American Dessert Wine
American Dessert wines have always been in the minority, especially when the country’s main exports are either cold-region dry whites, Californian rosé and rich Merlots.
Nonetheless, during winter months, there is nothing that pairs quite as well with a fruit tart or a strong, crumbly cheese as a good quality dessert wine.
The main reason for the lack of popular dessert wines is that there is simply something unfashionable about ordering sweet wines rather than a dry, crisp Sauvignon when it comes to American drinkers.
There is, however, a staunch minority of American dessert wine producers that hold the monopoly on late-harvest grapes, and are considered superb by connoisseurs of sweet wines all over the world.
Find your favorite American Dessert Wine
Although white-grape sweet wines are generally paired with spring or summer puddings, Riesling’s floral notes can provide the perfect accompaniment to soft and nutty cheeses, homemade ice-cream or even something as zesty as a key-lime pie.
Late-harvest Zinfandels are perfect to bridge the gap between a dry wine lovers and a standard pudding wine.
If you are looking for a happy medium, a late-harvest Zinfandel will have both rich flavours which pair well with meringue, autumnal or even winter fruit Pavlova, but also have a semi-dry tang to finish which will certainly please those with a taste for the dryer end of dessert wines.
Considered a true dessert wine in a few places, Ruby Port is worth a small mention as a popular late harvest grape in Napa, Madera and other regions on the west coast.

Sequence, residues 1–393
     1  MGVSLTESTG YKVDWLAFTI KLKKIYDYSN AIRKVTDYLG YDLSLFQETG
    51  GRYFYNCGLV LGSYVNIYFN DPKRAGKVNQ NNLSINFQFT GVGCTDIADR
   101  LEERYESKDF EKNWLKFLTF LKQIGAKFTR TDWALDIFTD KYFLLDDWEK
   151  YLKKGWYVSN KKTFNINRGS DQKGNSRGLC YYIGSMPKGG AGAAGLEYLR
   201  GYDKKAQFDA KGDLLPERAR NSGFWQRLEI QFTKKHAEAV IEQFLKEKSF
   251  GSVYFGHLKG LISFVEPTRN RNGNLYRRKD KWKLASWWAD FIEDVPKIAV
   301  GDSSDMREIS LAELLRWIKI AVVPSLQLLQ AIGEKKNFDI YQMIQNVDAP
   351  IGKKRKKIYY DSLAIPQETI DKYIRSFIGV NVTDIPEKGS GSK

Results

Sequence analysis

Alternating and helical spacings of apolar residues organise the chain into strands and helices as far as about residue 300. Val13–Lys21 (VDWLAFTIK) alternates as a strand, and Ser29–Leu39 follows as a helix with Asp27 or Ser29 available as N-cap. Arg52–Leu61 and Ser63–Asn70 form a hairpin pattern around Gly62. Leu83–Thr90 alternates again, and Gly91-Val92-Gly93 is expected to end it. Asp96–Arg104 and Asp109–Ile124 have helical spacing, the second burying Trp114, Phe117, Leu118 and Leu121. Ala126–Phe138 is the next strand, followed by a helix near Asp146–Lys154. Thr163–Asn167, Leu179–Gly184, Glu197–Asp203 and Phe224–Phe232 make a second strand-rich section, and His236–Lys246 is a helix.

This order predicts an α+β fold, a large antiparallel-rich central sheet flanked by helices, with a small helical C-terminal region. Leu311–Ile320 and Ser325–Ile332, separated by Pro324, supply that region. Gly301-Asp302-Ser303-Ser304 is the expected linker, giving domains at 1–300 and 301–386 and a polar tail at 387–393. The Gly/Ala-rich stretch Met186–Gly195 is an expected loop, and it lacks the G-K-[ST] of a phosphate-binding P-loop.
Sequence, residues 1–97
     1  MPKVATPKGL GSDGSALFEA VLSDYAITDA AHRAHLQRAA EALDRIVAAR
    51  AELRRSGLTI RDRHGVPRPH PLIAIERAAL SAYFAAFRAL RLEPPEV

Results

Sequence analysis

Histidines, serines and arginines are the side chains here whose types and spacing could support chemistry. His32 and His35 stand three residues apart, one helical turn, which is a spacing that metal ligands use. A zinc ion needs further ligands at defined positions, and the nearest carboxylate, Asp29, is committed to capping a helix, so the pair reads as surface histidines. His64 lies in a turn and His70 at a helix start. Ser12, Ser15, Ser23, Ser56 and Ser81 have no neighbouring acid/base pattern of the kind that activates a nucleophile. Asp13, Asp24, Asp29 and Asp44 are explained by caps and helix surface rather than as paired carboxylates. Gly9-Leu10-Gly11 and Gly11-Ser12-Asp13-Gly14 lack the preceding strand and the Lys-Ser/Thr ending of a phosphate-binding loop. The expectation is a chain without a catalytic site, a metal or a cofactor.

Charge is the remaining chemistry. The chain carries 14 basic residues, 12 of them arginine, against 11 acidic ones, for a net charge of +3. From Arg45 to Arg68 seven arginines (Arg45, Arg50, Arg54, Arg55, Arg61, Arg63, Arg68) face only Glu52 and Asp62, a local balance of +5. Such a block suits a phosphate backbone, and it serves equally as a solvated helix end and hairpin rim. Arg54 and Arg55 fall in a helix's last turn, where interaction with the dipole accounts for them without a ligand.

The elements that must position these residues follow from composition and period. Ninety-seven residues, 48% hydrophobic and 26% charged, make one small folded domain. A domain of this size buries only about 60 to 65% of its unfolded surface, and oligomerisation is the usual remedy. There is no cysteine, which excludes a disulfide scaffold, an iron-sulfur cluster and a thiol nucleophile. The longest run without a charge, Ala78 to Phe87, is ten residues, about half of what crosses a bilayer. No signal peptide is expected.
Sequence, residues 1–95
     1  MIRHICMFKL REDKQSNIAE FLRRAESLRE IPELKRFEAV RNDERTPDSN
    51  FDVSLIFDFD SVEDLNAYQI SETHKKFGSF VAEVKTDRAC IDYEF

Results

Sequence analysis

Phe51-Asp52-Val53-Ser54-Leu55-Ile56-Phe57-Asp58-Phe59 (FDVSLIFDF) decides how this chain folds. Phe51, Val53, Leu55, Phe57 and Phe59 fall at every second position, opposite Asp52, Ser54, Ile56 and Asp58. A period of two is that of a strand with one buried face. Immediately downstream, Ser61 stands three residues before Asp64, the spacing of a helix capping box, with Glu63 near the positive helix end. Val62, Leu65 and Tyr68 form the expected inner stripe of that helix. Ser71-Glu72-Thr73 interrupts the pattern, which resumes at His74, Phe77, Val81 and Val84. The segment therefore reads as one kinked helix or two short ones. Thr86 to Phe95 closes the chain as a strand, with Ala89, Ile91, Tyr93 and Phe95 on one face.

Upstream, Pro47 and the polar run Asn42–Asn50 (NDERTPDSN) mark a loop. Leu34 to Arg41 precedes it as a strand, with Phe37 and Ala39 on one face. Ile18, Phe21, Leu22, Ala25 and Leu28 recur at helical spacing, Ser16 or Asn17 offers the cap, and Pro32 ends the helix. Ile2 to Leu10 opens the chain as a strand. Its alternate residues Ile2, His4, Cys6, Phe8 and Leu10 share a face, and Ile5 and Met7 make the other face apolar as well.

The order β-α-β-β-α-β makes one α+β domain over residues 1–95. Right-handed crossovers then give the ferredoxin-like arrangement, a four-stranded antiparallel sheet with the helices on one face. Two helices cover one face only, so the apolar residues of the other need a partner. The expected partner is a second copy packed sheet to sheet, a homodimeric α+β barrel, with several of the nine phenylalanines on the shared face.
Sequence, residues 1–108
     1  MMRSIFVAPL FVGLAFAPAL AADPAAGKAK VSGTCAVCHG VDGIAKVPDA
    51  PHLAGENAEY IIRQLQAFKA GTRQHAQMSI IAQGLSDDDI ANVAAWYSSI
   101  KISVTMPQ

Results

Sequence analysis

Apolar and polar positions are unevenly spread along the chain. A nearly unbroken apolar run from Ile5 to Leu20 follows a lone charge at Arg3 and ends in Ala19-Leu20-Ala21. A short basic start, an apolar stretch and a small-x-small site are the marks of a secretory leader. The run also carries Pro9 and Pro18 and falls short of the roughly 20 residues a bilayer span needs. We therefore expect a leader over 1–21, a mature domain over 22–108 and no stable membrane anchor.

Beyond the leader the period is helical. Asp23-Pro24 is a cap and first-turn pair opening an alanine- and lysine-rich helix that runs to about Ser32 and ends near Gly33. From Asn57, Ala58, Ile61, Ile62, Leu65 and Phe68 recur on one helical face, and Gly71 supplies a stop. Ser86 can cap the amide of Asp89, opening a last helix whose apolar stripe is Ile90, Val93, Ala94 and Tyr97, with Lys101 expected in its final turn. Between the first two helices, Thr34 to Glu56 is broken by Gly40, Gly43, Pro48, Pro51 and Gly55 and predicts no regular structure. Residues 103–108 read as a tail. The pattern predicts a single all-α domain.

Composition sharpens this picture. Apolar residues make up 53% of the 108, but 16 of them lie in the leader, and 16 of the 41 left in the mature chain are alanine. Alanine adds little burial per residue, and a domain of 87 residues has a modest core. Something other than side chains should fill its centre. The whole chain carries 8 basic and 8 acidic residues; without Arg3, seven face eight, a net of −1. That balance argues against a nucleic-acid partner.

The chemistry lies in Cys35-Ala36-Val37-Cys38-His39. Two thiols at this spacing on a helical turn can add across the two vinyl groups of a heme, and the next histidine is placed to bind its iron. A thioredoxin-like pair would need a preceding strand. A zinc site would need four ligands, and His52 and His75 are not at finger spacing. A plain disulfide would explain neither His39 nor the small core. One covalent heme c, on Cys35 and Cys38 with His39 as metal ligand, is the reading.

The flavours work well in much the same way as late-harvest Riesling, as the sun bakes the vines to a garnet red and gives the finished Port tasting notes of plum jam and black cherry.
For a reasonably priced Ruby Port, the 2006 Quady Starboard Vintage Red Blend Dessert Wine is incredibly versatile, pairing very well with walnuts, soft cheese and even heavy caramel or fudge based desserts.
Something which the American food and drink industry has always been superb at: creating a marketable lifestyle in its food and wine.
Like the United Kingdom, American dining choices are always considered to be far more than simply what the host feels like serving.
One of the reasons why dessert wine is not particularly popular in the states; is that consumers think sweet wine is enjoyed by only the unrefined diner, and is even considered gauche in some circles.
Moscato producers in the US have seen this problem and marketed it as an opportunity, by making its dessert wine as kitsch as you can get, and leading the way is Moscato.
Names like NV Pleasure Party California Pink Moscato Rosé have proven that by making dessert wines fun, to be drunk whilst gathering with friends, that their very value is in their sweet, fruity taste and syrupy sweet, bright colours. Don’t take Moscato too seriously and you will more than likely find that it has hidden depths.
Editor-in-Chief and Wine Writer
Michael is an online enthusiast, with a lot of knowledge about online marketing. Traveling around the world to hunt for the perfect wine. Latest on Sicily, where Etna has a huge impact on the taste, which is strong with a bitter aftertaste for the youngest wines, but older wines are fantastic. Drinking wine, and writing about them, are one the passions. Remember to drink responsibly 🙂
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